When the camera lens cover is opened the power is switched on and ready for use, after checking battery status and number of pictures which are storable. This depends on the size of the Smart media card, we had an 8MB but bought a 64MB and can now take hundreds of photos, and so far we have never filled it on holiday. For example using normal quality you can store 122 on an 8MB card and 489 on a 32MB card. But if you want exceedingly high recording mode you would only be able to store approximately 18 and 73 on the above size cards.
The camera should be held very still with both hands either in the vertical or horizontal position, keeping fingers away from the lens. Press the shutter release halfway to lock the focus, the green light comes on next to the viewfinder, if it blinks the focus or exposure is not correct. Press the shutter release button fully to take the picture, a beep is heard, and the green light blinks as the picture is being recorded. If a flash is needed open the flash cover first, there is a flash mode button the back of the camera with a choice of auto, red-eye reducing, and slow shutter synchronization for taking night photos. When finished close the flash cover and slide the lens cover over to turn off the power. There is also an override button, so the flash does not fire when in low light conditions if it is prohibited as in some buildings.
Basically just press the button! It works for me every time!
You can take pictures using the LCD monitor, but I always think this is a drain on the batteries and feel I hold it more securely next to my eye than away from my body. It is possible to zoom in or out on a subject, by using the toggle button.
Next to the Flash mode button on the back is the self-timer button. This is always fun for family pictures! Or when you want a picture of you and your partner and no one is about to take it! Open the lens cover, press the self timer button, and a little clock icon appears on the control panel. Aim the camera at the subject, allow room for you to get into the picture, press the shutter release button and you have about 12 seconds to get into place, the signal lights for about 10 seconds and blinks for 2 seconds before taking the photo. 12 seconds is quite a long time and you can say cheese over and over again before the picture is taken!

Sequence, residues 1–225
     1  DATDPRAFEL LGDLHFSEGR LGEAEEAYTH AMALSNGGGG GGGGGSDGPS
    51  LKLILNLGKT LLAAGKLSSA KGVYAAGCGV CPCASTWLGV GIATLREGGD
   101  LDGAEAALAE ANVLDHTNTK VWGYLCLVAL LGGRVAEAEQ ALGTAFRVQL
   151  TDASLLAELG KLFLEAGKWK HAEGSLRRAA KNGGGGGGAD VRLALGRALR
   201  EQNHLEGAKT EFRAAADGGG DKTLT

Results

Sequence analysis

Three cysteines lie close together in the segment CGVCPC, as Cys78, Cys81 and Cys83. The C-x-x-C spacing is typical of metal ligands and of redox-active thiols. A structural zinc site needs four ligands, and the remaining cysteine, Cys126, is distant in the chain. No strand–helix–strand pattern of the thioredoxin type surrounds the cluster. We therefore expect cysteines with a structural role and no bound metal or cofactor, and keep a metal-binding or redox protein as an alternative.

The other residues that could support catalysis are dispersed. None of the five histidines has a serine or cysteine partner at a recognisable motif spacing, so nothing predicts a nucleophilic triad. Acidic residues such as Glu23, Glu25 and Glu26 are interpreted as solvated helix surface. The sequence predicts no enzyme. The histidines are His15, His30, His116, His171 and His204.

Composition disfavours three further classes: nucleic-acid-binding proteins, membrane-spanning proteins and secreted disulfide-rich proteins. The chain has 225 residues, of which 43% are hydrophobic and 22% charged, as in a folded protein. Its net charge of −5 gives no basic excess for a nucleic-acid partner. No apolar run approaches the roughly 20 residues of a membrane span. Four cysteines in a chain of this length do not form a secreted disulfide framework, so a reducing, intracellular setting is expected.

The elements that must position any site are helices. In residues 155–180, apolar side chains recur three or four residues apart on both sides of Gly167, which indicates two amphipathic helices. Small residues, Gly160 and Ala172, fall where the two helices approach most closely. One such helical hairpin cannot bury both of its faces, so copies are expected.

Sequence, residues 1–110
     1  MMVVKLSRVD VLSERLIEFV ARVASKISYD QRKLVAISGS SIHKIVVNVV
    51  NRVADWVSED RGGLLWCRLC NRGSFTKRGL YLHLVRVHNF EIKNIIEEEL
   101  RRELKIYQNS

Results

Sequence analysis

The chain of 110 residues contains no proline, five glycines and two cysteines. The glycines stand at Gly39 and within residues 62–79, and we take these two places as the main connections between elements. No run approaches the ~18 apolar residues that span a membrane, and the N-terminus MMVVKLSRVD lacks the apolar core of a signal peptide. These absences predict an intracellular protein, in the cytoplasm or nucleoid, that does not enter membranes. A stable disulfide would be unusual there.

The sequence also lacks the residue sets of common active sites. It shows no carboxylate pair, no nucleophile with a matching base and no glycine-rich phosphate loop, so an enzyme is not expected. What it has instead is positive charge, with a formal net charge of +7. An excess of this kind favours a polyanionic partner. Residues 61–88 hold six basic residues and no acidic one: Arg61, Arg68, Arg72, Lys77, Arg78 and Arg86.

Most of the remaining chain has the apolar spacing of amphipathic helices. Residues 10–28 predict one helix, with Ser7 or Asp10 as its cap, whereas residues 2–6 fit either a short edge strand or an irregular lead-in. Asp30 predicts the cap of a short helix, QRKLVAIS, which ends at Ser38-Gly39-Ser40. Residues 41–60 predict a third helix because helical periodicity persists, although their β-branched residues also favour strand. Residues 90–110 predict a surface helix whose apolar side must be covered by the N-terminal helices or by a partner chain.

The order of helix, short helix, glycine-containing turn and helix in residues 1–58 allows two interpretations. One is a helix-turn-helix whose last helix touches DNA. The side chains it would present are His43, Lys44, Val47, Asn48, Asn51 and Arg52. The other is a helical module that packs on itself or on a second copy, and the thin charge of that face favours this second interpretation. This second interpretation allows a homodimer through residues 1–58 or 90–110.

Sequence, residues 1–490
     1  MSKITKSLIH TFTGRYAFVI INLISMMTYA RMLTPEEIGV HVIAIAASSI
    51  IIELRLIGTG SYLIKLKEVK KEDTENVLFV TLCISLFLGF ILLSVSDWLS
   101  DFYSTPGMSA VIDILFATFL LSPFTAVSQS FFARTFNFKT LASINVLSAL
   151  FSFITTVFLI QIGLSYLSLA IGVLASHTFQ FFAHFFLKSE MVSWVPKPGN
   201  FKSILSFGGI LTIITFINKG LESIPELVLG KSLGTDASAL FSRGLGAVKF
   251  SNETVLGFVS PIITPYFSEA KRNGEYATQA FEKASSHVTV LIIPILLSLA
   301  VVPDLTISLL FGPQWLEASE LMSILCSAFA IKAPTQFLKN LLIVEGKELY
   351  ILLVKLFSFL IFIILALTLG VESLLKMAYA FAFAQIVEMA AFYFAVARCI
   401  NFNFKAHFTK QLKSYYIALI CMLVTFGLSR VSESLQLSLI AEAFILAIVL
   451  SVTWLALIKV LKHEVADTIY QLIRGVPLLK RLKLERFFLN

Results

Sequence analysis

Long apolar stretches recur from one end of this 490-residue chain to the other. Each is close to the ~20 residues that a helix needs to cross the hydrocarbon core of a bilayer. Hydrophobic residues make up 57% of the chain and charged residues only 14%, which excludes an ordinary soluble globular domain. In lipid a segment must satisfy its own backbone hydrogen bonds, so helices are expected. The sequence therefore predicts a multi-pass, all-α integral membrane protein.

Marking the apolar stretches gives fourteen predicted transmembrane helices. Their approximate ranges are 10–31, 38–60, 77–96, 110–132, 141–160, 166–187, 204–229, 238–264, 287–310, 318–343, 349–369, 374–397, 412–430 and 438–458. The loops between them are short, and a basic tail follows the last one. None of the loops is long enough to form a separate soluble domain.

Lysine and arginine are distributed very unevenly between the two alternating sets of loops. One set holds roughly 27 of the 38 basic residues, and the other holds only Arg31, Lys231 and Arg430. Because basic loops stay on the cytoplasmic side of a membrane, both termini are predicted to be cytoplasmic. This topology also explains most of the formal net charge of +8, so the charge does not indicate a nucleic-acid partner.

The button next to this is called the Digital Tele mode and Macro mode. I have to admit to not having used this! It allows you to take a picture really close up to something, in the Macro mode and to make a subject appear larger in the Digital Tele mode by using the optical zoom. Too complicated for me Im afraid, but it is there for the more technically minded perhaps one of these days Ill try it out and up date this review!
The exposure can be compensated if you wish to adjust it and there is a spot metering mode. There is white balance,depending on the amount of daylight and it is possible to change the ISO, that means the higher the ISO the faster the shutter speed and lower the amount of light required. The sharpness can also be altered. Again I do not fiddle with these things, Im frightened of messing the camera about, and it takes wonderful photos without me pressing all these buttons! I just want to tell you what a clever camera it is.
*VIEWING YOUR PHOTOGRAPHS*
It is possible to view them on the LCD viewer on the back of the camera, close the lens cover and press the ON/Off button and set the camera to Display mode. With each press of the jog dial button on the back, you can view the photos. It is possible to erase any pictures you dont want, it checks if you want to erase, and you press the OK button if you want to go ahead. We used to view our photographs be connecting the camera by cables to the computer or television, but our latest computer allows us to insert the Smart card into a slot just below where the floppy disc fits and HEY PRESTO a click and away we go, so easy, this is my preferred way of viewing until we have (that is the Royal WE!) downloaded the photos onto a CD or the hard drive, I pretend its beyond me, although with our new digital imaging suite I can do it! Dont tell hubby though! If you view on the computer by connecting the camera there are rules to follow. The power must be OFF on the PC and the camera before connecting, the cable has to be connected into the serial port and connected to the cameras computer connector, only then can the PC be turned on, then the lens cover opened and then Camedia Master started up this is the name of the software, so you can see why I prefer the easy option of inserting the smart card!